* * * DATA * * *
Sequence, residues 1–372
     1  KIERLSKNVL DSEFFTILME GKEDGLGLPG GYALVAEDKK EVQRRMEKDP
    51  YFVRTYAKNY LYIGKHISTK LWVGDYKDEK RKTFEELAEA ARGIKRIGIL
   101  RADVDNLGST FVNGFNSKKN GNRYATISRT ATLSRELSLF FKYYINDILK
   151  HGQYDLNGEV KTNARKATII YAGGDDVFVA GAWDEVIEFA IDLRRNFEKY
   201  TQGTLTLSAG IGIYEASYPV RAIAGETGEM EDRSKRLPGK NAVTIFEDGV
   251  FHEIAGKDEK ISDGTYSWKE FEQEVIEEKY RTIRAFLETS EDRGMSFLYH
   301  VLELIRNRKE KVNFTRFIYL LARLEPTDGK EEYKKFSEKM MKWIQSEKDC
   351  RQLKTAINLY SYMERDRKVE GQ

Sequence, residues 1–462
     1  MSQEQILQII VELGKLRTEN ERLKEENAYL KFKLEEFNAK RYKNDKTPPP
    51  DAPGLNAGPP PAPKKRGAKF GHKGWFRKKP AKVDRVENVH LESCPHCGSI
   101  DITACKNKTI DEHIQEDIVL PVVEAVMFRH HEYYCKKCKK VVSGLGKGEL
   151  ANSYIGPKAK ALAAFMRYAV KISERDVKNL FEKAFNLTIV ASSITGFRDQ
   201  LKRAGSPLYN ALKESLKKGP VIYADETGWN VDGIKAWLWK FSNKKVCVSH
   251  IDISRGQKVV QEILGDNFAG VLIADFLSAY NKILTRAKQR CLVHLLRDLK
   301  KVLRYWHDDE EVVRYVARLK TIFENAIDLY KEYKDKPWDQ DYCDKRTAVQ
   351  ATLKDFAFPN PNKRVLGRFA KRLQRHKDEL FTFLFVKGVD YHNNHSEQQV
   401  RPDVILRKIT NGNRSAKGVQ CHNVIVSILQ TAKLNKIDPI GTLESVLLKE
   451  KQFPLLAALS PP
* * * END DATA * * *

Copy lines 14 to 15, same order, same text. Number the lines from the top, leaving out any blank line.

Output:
   151  ANSYIGPKAK ALAAFMRYAV KISERDVKNL FEKAFNLTIV ASSITGFRDQ
   201  LKRAGSPLYN ALKESLKKGP VIYADETGWN VDGIKAWLWK FSNKKVCVSH